Only those who are members of the Royal Institution of Chartered Surveyors (RICS) have the right to give themselves this title as it means they’ve passed all the relevant exams. Working with a chartered surveyor rather than a standard surveyor is advised as you’re assured the individual has the relevant training, experience and qualifications.
How to choose the right property surveyors?
There are several things to consider when choosing a surveyor to take a look at your land management project or property. The first of these is the reputation that your potential surveyor has amongst existing customers. By reading through reviews or talking to past clients, you’ll be able to develop an idea of whether you can trust the surveyor that you are considering working with.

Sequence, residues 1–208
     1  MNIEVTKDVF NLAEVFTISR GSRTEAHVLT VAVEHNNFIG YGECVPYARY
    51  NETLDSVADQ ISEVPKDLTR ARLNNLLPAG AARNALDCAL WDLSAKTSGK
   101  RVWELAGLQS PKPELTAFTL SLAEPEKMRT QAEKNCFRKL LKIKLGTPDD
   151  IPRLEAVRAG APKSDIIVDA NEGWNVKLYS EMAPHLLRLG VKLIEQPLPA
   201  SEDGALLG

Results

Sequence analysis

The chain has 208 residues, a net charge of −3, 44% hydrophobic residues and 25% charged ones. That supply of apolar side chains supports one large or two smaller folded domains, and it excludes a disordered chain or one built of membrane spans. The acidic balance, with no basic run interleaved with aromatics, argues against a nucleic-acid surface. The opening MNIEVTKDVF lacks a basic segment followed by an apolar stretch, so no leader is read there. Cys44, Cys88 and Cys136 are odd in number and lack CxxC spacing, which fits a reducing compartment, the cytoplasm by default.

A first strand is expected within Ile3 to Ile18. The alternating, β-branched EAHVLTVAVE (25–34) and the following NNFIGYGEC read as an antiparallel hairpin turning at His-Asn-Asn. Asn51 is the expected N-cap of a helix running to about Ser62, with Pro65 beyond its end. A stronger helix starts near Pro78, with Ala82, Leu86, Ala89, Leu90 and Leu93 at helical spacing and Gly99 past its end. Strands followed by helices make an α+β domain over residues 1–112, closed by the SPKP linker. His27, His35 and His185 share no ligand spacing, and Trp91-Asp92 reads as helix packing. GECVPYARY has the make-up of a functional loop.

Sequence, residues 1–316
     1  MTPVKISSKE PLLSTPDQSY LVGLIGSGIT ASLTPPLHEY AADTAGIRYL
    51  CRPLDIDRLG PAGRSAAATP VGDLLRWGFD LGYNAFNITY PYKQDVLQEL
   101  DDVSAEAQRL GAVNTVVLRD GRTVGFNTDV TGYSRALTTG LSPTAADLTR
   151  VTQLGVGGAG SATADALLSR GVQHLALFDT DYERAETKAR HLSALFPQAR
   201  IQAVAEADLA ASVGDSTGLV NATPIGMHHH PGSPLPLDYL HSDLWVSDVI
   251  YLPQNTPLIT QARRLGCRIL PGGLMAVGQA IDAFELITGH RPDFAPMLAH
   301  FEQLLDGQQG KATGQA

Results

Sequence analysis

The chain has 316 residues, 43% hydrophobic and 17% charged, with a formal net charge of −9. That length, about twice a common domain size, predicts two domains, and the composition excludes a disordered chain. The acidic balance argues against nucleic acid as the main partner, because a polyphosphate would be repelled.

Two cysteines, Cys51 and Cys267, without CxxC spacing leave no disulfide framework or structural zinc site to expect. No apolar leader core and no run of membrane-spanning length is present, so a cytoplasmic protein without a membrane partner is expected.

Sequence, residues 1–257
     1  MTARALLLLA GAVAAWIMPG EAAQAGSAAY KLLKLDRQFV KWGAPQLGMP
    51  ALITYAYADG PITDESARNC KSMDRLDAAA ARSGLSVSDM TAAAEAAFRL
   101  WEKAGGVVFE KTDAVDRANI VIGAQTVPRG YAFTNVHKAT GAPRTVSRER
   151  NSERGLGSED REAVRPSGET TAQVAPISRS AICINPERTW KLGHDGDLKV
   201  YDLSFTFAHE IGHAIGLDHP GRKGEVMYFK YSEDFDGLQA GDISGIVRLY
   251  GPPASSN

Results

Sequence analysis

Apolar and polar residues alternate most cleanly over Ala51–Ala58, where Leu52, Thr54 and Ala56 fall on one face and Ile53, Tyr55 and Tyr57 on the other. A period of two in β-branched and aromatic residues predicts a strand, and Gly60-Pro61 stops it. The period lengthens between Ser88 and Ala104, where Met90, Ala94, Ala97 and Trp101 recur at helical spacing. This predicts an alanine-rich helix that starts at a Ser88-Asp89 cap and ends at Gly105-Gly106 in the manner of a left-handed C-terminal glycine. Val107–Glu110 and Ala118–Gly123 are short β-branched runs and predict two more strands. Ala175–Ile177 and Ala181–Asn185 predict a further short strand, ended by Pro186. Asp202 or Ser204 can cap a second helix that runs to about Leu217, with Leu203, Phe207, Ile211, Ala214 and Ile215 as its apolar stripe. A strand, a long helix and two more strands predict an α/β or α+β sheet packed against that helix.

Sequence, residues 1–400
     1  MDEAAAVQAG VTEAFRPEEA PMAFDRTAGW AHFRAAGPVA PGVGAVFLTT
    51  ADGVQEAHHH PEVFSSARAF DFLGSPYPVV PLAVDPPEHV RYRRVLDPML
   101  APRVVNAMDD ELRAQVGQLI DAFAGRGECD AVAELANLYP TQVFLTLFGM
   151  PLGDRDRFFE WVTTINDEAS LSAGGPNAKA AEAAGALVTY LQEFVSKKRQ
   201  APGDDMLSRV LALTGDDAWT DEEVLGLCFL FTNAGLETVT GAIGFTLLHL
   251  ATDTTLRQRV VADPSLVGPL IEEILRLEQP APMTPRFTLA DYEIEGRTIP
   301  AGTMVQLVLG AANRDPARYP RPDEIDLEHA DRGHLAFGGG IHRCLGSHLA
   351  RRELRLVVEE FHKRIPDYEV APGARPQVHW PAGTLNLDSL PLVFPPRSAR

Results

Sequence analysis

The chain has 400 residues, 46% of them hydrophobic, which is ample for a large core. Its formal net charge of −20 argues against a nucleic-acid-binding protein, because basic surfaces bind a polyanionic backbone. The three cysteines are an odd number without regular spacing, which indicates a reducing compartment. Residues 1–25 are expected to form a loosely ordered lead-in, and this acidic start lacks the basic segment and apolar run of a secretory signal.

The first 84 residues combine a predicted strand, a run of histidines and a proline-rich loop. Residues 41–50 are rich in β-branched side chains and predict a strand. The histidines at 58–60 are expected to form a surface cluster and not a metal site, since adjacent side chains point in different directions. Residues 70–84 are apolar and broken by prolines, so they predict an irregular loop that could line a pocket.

The second step in the process is to talk to the surveyor themselves. This means asking them about any work that they have completed in your local area, their experience with the task that you have for them and any other queries that you have about the specifics of your property. Talking to them in detail not only develops your understanding but improves the relationship you have with a surveyor. A good surveyor will be happy to talk to you.
We are one of the leading Chartered Surveyors covering London, Buckinghamshire, Marlow and Oxfordshire and regulated by the Royal Institution of Chartered Surveyors (RICS).
Our team is dedicated to providing the highest quality building surveys.
Contact us to discuss your requirements further.
Specialisation in surveying
Another aspect to consider is that not all chartered surveyors focus on the same things. In addition to ensuring that your surveyor of choice works to a high standard, research whether a specific surveyor has experience of working on a construction site, or whether they prefer working on land disputes in complex residential areas. Selecting someone with the right speciality improves the chances of a more effective service.
Chartered surveyors for commercial property